9. pacyhdermprincess

    Mini Or Vac Mini

    I just got a TWSBI 580. I love everything about it except the length when posted. I do not love it unposted as its too short for me. I'm looking at a Mini or Vac Mini to replace the 580. Which do you prefer? The Vac Mini is a bit longer posted so right now that's leading the race.
  10. Hi guys, I have a TWSBI Eco. It's a good, competent pen, smooth, with a large ink capacity,I like screw caps, and it's inexpensive. On the other hand I'm not in love with the pen. I borrowed a lot of Ecos (probably a dozen or more) from friends before and I was never struck by how good they were. They were nice, and I knew I was going to try one eventually—if a good deal came my way—but it wasn't high on my list. I just felt that it lacked a bit of character, a bit of a quirkiness. From that and from your own experiences, should I get a Wing Sung 698? What does the 698 have that an Eco does not, why do you like one over the other? For additional context I have a 659 I bought last year. Again, a good pen, but I don't find myself reaching for it. There was also a problem with the feed (ink would not come down) that I eventually fixed. From what I understand, the 698 and the 659 have the same writing end (I also have a couple of 78G pens from <F> to <B>). Besides the piston filler capacity, what does the 698 bring to the table that those two don't? Does it feel better in the hand, is it better made? Lastly, I got the 659 because I like demonstrators and I love clear feeds. However, the feed on mine has stained. I don't recall what ink I had in the pen, but I don't think it was any problematic ink because it's only the feed that got stained and not the section or the converter although it is also possible that I had the pen inked much more than usual (didn't reach for it much), but did you get your 698 feed stained? With what ink?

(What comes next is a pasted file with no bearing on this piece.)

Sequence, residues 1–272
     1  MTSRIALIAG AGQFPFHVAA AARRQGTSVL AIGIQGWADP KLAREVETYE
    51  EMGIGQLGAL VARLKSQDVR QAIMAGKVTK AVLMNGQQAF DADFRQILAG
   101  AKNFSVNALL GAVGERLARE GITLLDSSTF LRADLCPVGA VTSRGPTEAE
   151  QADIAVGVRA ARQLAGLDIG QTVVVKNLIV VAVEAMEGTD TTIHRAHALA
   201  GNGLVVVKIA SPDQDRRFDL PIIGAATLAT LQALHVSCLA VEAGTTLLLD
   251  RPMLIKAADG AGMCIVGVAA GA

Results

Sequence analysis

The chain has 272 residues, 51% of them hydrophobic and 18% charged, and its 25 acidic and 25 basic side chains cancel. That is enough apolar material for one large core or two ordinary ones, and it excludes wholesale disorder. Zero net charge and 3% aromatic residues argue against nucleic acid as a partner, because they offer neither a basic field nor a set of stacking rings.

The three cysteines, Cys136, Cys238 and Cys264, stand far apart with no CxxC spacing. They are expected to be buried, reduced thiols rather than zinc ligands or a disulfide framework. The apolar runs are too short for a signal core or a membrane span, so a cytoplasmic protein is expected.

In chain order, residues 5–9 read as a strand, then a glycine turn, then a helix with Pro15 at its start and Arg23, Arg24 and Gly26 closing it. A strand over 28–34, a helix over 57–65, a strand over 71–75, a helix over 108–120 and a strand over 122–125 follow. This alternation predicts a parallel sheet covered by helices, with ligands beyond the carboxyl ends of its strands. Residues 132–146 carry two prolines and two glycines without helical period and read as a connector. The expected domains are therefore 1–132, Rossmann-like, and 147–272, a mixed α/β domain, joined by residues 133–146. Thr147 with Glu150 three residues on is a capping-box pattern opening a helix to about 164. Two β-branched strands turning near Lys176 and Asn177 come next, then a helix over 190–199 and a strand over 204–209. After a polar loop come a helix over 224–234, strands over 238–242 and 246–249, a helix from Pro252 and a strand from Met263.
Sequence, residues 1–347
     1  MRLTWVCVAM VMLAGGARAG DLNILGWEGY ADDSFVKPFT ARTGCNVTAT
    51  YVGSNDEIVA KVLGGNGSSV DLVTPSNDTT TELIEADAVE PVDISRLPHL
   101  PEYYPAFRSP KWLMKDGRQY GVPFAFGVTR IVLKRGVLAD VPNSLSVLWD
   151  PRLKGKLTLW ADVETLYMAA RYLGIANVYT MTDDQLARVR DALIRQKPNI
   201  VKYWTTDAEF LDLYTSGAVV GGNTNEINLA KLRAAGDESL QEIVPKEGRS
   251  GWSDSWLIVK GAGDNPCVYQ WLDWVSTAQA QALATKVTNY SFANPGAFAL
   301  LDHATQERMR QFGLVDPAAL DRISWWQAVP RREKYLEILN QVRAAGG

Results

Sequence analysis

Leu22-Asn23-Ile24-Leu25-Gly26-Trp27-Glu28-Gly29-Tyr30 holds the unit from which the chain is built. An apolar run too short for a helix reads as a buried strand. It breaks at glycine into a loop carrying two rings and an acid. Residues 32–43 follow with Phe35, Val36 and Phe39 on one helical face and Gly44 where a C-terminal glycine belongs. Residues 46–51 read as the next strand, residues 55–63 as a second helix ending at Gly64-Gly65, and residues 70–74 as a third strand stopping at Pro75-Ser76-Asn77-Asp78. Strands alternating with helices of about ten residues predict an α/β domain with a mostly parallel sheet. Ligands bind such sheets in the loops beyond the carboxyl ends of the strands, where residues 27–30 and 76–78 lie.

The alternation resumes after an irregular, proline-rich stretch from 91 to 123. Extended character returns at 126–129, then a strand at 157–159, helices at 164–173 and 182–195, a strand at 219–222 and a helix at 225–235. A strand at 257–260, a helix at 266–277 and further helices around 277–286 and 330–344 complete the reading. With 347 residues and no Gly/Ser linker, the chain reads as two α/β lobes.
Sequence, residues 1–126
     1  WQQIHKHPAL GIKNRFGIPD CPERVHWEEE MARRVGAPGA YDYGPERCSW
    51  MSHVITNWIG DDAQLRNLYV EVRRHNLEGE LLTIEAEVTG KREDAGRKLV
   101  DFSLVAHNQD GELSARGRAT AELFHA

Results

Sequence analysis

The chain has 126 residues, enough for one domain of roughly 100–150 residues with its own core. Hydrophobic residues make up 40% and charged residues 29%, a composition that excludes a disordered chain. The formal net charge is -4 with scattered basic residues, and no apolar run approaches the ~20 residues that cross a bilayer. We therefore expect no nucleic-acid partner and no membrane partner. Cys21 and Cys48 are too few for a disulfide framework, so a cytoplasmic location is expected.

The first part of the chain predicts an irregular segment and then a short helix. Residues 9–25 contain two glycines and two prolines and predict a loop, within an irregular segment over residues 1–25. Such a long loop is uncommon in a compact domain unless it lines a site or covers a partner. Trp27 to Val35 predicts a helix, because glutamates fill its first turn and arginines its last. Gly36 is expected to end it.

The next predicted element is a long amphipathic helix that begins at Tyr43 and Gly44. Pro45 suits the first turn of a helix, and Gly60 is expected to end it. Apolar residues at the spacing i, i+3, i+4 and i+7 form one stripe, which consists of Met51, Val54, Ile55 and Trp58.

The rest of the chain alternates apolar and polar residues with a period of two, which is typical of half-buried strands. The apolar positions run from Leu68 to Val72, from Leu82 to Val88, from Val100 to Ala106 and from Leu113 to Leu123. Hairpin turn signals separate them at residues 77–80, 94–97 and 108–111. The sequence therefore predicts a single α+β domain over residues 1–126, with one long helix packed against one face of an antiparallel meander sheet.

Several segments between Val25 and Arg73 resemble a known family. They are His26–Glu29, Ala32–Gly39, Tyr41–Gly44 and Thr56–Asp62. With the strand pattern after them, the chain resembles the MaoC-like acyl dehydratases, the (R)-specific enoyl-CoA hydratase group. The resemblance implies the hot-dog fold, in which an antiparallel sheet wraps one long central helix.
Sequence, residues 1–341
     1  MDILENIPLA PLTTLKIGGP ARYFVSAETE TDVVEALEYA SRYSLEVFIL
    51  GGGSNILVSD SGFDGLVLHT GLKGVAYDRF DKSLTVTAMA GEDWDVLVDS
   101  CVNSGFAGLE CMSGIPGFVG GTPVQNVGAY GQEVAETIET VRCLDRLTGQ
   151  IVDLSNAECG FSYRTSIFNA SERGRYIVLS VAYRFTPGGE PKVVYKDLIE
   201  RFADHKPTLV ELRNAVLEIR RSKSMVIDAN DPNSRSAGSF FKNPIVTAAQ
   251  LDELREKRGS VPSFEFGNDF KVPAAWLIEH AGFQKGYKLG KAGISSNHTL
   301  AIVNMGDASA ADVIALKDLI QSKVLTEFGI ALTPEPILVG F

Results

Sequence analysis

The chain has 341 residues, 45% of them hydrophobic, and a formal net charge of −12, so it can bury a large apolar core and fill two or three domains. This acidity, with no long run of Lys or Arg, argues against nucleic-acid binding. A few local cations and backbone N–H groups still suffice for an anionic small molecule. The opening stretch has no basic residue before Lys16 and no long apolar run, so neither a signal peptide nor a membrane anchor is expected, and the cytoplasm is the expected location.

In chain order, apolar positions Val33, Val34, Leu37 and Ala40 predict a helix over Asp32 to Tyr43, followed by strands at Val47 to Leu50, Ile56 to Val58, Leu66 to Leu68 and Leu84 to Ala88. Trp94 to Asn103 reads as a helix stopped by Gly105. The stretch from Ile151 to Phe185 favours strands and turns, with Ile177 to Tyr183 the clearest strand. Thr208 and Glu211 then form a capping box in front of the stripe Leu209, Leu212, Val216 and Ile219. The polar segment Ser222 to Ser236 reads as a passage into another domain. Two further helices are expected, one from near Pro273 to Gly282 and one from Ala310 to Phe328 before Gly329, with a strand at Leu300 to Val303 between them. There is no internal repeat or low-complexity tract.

11. OTrizy

    Twsbi Eco Dry In A Way?

    I don't think it just me or my Ecos but I have and issue with my eco. I need to prime the feed about every 2-4 pages I write. For example first time in the morning I do is to write essays/text in general and after 2 pages my shading ink is not shading anything and is a lot lighter then my letters are missing some parts like T letters the '-' part or something like that then I screw my piston for a little bit so I forced some more ink to my feed and after a while I have the same problem. I know some others have the same issues but did you guys find a solution to this or just try to deal with it. Btw I write in Rhodia paper with Noodler's Blue-Black Air-Corp. Twsbi Eco M and F nib.
  12. Hey there! I am looking to buy my first fountain and I am looking at these three options. However, I do not know which is best for me. I am a student in high school that will take notes, and will be ordering from either jetpens or amazon. Also, should I buy two fountain pens? p.s. feel free to add other suggestions for a first fountain pen
  13. soniknitr

    Twsbi Diamond 580 Review